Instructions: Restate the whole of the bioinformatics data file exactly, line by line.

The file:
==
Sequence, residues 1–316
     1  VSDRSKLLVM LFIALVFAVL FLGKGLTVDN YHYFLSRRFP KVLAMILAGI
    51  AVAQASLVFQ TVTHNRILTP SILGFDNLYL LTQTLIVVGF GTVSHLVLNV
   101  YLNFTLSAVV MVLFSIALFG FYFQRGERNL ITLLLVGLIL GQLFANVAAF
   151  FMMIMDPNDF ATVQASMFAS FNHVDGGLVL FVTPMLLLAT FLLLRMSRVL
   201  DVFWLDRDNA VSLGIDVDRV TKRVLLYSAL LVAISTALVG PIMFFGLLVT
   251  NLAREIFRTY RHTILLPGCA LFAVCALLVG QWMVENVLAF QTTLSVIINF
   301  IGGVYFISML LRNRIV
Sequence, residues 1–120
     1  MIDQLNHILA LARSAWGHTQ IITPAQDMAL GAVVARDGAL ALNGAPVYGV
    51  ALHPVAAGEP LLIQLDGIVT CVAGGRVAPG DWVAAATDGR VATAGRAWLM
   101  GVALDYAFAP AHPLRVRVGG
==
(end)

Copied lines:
Sequence, residues 1–316
     1  VSDRSKLLVM LFIALVFAVL FLGKGLTVDN YHYFLSRRFP KVLAMILAGI
    51  AVAQASLVFQ TVTHNRILTP SILGFDNLYL LTQTLIVVGF GTVSHLVLNV
   101  YLNFTLSAVV MVLFSIALFG FYFQRGERNL ITLLLVGLIL GQLFANVAAF
   151  FMMIMDPNDF ATVQASMFAS FNHVDGGLVL FVTPMLLLAT FLLLRMSRVL
   201  DVFWLDRDNA VSLGIDVDRV TKRVLLYSAL LVAISTALVG PIMFFGLLVT
   251  NLAREIFRTY RHTILLPGCA LFAVCALLVG QWMVENVLAF QTTLSVIINF
   301  IGGVYFISML LRNRIV
Sequence, residues 1–120
     1  MIDQLNHILA LARSAWGHTQ IITPAQDMAL GAVVARDGAL ALNGAPVYGV
    51  ALHPVAAGEP LLIQLDGIVT CVAGGRVAPG DWVAAATDGR VATAGRAWLM
   101  GVALDYAFAP AHPLRVRVGG